# Exercise III AMTH/CPSC 663b

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Exercise III
AMTH/CPSC 663b
Compress your solutions into a single zip file titled <lastname and
initials> assignment3.zip, e.g. for a student named Tom Marvolo Riddle, riddletm assignment3.zip. Include a single PDF titled
<lastname and initials> assignment3.pdf and any Python scripts
submit the notebook along with a PDF version of the notebook. Any
requested plots should be sufficiently labeled for full points.
Programming assignments should use built-in functions in Python
and PyTorch; In general, you may use the scipy stack [1]; however,
exercises are designed to emphasize the nuances of machine learning and
deep learning algorithms – if a function exists that trivially solves an entire
problem, please consult with the TA before using it.
Problem 1
In problem set 1, we found solutions to least-squares regression using the closed form solution to
kXw − yk
2
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Where X is the data, y is the targets, and w are the weights/coefficients. Sometimes when developing a
model, it may be a good idea to check that the gradients determined by PyTorch are what we expect. We
will now do this in a linear regression setting.
1. First, show that
∇wkXw − yk
2
2 = 2XT Xw − 2XT
y
2. Using PyTorch’s autograd functionality, check that the gradient (at the initial weights) with respect
to w is the same as what we expect from the closed form solution of the gradient above. To do this,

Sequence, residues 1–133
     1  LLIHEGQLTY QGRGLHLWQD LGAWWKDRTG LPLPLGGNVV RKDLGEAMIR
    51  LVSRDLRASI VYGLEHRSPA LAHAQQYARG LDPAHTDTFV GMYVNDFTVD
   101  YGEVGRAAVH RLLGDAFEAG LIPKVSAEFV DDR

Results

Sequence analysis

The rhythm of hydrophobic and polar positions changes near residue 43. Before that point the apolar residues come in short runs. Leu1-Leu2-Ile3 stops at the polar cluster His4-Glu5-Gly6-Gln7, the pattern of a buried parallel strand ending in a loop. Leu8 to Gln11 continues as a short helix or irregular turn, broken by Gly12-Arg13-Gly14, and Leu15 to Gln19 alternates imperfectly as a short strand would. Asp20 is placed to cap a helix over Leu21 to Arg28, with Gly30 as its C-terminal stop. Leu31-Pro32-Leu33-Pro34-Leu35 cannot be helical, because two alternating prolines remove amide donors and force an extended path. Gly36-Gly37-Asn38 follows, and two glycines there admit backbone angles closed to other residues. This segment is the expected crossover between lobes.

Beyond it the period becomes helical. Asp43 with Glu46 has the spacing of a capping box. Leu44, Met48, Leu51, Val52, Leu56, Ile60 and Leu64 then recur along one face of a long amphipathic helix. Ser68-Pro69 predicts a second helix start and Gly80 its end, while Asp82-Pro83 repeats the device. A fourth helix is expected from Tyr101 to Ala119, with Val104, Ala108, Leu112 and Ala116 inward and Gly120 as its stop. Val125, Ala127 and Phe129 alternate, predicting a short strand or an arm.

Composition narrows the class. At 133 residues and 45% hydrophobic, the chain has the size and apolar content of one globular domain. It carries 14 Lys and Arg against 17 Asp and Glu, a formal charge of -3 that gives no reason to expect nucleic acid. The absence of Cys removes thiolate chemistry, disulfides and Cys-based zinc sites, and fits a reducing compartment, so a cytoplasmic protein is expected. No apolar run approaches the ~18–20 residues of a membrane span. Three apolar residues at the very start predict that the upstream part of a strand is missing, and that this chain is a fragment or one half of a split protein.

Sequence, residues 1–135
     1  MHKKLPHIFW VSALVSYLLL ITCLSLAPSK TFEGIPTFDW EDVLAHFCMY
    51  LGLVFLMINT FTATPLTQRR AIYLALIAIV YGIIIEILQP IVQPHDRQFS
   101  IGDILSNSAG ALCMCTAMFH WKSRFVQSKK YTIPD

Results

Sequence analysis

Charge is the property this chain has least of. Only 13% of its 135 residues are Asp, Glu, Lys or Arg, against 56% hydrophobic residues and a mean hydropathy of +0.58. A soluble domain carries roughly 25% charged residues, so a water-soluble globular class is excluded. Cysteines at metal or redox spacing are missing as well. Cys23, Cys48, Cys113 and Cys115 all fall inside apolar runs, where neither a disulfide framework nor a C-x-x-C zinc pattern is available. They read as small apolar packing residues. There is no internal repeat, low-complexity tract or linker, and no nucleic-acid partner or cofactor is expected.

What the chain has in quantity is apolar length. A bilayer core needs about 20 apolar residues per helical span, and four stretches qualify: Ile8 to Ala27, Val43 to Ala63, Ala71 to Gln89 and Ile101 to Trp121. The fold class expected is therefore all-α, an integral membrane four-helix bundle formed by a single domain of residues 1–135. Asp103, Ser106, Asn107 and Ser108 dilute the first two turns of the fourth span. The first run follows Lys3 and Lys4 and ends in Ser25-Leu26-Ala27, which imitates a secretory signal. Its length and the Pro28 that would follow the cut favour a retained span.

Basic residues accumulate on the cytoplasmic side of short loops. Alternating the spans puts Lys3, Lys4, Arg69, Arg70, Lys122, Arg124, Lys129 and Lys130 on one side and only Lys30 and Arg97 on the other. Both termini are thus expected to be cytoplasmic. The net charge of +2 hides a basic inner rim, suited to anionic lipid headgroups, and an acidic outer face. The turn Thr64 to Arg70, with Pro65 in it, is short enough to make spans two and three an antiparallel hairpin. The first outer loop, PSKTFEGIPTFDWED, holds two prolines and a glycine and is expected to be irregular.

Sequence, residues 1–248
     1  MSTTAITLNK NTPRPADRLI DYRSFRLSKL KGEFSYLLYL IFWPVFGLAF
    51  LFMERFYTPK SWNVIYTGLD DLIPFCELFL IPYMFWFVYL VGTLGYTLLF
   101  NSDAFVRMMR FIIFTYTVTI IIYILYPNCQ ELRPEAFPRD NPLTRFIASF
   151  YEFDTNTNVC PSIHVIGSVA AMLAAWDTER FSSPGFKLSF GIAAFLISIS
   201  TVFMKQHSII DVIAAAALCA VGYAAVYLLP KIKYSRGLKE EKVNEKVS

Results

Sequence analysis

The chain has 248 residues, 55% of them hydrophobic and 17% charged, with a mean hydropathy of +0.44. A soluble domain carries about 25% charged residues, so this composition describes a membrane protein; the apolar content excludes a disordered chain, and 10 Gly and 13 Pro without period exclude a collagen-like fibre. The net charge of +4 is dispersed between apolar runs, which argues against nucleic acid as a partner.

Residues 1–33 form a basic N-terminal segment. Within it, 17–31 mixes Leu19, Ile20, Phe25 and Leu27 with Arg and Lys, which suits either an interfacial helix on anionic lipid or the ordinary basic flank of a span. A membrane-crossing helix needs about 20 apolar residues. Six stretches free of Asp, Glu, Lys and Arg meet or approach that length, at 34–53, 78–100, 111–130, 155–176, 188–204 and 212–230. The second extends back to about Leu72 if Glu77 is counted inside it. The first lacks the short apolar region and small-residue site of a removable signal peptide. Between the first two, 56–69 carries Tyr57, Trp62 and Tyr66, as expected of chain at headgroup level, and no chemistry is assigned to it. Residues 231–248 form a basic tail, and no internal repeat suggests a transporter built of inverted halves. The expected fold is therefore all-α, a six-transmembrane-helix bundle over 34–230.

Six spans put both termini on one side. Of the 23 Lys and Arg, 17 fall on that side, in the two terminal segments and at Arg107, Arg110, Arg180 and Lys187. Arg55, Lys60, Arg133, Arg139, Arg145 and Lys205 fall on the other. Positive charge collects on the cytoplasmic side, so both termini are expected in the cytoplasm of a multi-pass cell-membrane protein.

complete p1.py and include the finished version with your submission.
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Problem 2
1. It’s tempting to use gradient descent to try to learn good values for hyper-parameters such as λ and η.
Can you think of an obstacle to using gradient descent to determine λ? Can you think of an obstacle
to using gradient descent to determine η?
2. L2 regularization sometimes automatically gives us something similar to the new approach to weight
initialization (i.e., we initialize the weights as Gaussian random variables with mean 0 and standard
deviation 1/

nin where nin is the number inputs to a neuron). Suppose we are using the old approach
to weight initialization (i.e., we initialize the weights as Gaussian random variables with mean 0 and
standard deviation 1). Sketch a heuristic argument that:
(a) Supposing λ is not too small, the first epochs of training will be dominated almost entirely by
weight decay.
(b) Provided ηλ  n the weights will decay by a factor of exp(−ηλ/m) per epoch, where n is the is
the total number of training examples, and m is the mini-batch size.
(c) Supposing λ is not too large, the weight decay will tail off when the weights are down to a size
around 1/

n, where n is the total number of weights in the network.
Problem 3
1. Autoencoders learn to recreate their input after passing it through a sequence of layers in a neural
network. This goal can be satisfied by simply learning the identity function. What design choices can
be made (e.g. about the network architecture) to prevent them from learning the identity function?
Pick at least two and discuss why an autoencoder with your design choice would be more useful than
one without it.
2. In class we discussed denoising autoencoders that learn to correct a corruption process that we model
with C(ˆx|x). Describe an example of such a corruption process, express it in a formula, and provide
a plot of an original two-dimensional dataset (e.g. samples from y = x
2 or anything of your choosing)
and the same dataset after you’ve corrupted it with your function C.
3. Build an autoencoder that embeds the MNIST dataset into two dimensions (tip: start by modifying
your previous feedforward MNIST classifier). You can experiment with the details of the architecture,
but a good baseline is an encoder that uses three layers to compress the images into two dimensions,